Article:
DNA methylation at the 5-position of cytosine (5mC) occurs predominantly at CpG dinucleotides in the mammalian genome and is one of the most important epigenetic marks, playing critical roles in host defense, genome imprinting, and X chromosome inactivation (Suzuki and Bird, 2008
). It is well established that individual CpGs located in different genomic regions are differentially methylated depending on cell or tissue type and developmental stage. Furthermore, it is evident that the GC density and gene transcriptional status also influence DNA methylation status. For example, the majority of CpG islands (CGIs) displaying a dense CpG content are hypomethylated while the rest of the genome, including CpG-rich repetitive heterochromatin regions and dispersed CpGs in gene coding regions are usually hypermethylated. Yet it is still poorly understood how genome-wide DNA methylation is differentially regulated at discrete loci and dynamically processed in different cell types and during development.
Increasing evidence suggests that DNA methylation is intimately linked to histone methylation. For instance, it is well known that high levels of DNA methylation at GC-rich repetitive genomic elements are protected first by methyl-binding proteins such as MBDs, which in turn recruit both histone deacetylases and H3K9 methyltransferases. This epigenetic signature can subsequently recruit HP1 protein and thus establish a condensed chromatin structure, which recruits more DNMTs to maintain this methylation pattern. On the other hand, unmethylated CpGs in CGIs recruit factors such as MLL1 and CFP1/SETD1, which only bind to unmethylated CpGs, to establish a unique chromatin environment with high H3K4me3 to deter DNA methyltransferases from binding. Thus, the underlying chromatin structure at CGIs, in terms of modifications and recruited binding partners, likely represents one mechanism to modulate DNMTs mediated DNA methylation.
A longstanding and fascinating question in the epigenetics field is whether there are enzymes capable of directly removing the methyl group. While such an enzyme has been elusive, human TET1 was recently identified as a 5mC hydroxylase that catalyzes the conversion of 5mC to 5-hydroxymethylcytosine (5hmC) (Tahiliani et al., 2009
). The mammalian TET family contains three members, Tet1, Tet2 and Tet3, which share significant sequence homology at their C-terminal catalytic domains (Ito et al., 2010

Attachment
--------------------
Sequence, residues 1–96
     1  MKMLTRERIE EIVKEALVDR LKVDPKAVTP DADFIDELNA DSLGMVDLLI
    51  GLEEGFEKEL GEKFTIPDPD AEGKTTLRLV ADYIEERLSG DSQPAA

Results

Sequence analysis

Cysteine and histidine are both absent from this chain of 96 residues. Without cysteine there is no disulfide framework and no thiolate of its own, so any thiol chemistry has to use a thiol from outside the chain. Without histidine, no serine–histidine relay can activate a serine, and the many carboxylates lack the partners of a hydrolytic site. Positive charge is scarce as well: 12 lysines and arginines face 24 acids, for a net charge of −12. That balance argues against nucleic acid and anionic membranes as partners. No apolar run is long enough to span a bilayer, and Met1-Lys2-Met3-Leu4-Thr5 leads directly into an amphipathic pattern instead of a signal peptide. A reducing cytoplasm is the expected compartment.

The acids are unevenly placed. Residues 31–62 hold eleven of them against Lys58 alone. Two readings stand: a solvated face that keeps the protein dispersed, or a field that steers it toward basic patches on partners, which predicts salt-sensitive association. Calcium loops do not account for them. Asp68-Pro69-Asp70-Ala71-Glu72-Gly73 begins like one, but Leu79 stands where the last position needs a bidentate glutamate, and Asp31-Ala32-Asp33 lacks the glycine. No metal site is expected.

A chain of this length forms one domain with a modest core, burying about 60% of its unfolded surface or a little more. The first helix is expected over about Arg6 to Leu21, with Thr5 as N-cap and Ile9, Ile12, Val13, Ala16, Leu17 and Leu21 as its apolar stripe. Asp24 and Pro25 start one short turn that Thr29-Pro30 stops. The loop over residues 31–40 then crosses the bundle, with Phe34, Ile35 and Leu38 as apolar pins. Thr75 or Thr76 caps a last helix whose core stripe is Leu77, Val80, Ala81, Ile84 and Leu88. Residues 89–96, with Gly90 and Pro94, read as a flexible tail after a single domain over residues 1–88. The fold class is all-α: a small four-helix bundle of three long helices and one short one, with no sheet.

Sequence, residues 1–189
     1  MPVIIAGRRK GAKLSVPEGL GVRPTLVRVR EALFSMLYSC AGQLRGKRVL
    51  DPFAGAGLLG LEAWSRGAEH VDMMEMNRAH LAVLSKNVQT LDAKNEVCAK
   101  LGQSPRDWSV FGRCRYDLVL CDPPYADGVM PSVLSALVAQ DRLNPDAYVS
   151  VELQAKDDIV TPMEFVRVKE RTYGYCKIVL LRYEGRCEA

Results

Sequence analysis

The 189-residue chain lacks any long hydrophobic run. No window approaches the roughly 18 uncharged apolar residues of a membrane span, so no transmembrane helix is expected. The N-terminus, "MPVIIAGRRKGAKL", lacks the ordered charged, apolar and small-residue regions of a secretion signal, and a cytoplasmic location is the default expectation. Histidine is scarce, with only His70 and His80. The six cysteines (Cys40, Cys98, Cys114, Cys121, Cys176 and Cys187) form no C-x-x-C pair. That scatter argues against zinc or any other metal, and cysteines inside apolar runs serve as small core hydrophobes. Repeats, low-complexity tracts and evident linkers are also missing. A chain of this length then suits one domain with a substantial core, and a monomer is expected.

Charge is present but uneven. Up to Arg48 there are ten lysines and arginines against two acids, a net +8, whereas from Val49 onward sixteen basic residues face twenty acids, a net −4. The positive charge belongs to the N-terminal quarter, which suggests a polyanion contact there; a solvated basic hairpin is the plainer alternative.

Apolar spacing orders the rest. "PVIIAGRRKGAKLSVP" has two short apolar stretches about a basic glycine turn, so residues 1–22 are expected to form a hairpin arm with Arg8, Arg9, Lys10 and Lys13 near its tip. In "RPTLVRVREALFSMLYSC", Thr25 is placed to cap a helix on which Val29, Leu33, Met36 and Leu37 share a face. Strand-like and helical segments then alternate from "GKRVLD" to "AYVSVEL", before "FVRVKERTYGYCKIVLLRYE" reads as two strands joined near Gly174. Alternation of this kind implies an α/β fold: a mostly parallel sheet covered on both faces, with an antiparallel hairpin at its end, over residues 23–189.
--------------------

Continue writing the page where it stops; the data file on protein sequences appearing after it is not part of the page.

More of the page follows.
; Tahiliani et al., 2009
). Similar enzymatic activities for mouse Tet family members have also been described (Ito et al., 2010
; Ko et al., 2010
). The discovery of this family of enzymes has provided a new potential mechanism for altering DNA methylation status. However, little is known as to what extent individual family members regulate the genome-wide 5mC/5hmC patterns and contribute in genome functions.
Tet1 is highly expressed in embryonic stem cells (ESCs) and its depletion leads to a reduction in global 5hmC levels (Koh et al., 2011
). In addition to the 5mC hydroxylase domain, TET1 also contains a conserved CXXC domain (Tahiliani et al., 2009
; Zhang et al., 2010
), a domain employed by other proteins to bind unmethylated CpG DNA and enabling them to modify histone or DNA methylation. The family of CXXC domain-containing proteins includes factors involved in DNA methylation (DNMT1, MBD1) and histone methylation/demethylation (MLL, CFP1, KDM2A), all of which play important roles in gene regulation and contribute to embryonic development. Significantly, our recent study shows that human TET1 is a CpG DNA binding protein that promotes DNA demethylation when it is over-expressed in 293T cells and positively regulates transcription of a reporter gene in a 5mC hydroxylase activity-dependent manner (Zhang et al., 2010
). These findings suggest that Tet1 regulates DNA methylation and gene expression through its ability to convert 5mC to 5hmC.
5hmC was first identified in T-even bacteriophage (Wyatt and Cohen, 1953
), and later found in the vertebrate brain (Kriaucionis and Heintz, 2009
; Penn et al., 1972
) and several other tissues (Globisch et al., 2010
). Interestingly, while 5hmC exists at high levels in mESCs, its level significantly decreases after mESC differentiation (Szwagierczak et al., 2010
; Tahiliani et al., 2009
), and rises again in terminally differentiated cells such as Purkinje neurons (Kriaucionis and Heintz, 2009
). Despite these recent advances, the molecular basis for Tet1 and 5hmC functions in the ESC genome and epigenome is unknown, although a controversial role for Tet1 in maintaining ESC pluripotency and determining ESC differentiation has been proposed (Ito et al., 2010
; Ko et al., 2010
; Koh et al., 2011
Here, we show that Tet1 is capable of binding to unmethylated as well as methylated and hydroxymethylated CpG DNA via its CXXC domain. Further, we report a complete genome-wide mapping of Tet1 binding and 5hmC in mESCs. Complemented with Tet1 depletion studies, this allows us to establish specific correlations among Tet1 occupancy, 5mC and 5hmC levels, histone modification and gene expression in mESCs and reveal an intricate role of Tet1 in its associated gene network. Thus, this study provides a foundation for understanding not only possible functions of Tet proteins and 5hmC but also molecular mechanisms by which Tet proteins, via dynamic regulation of DNA methylation, influence gene transcription and related biological functions in mESCs.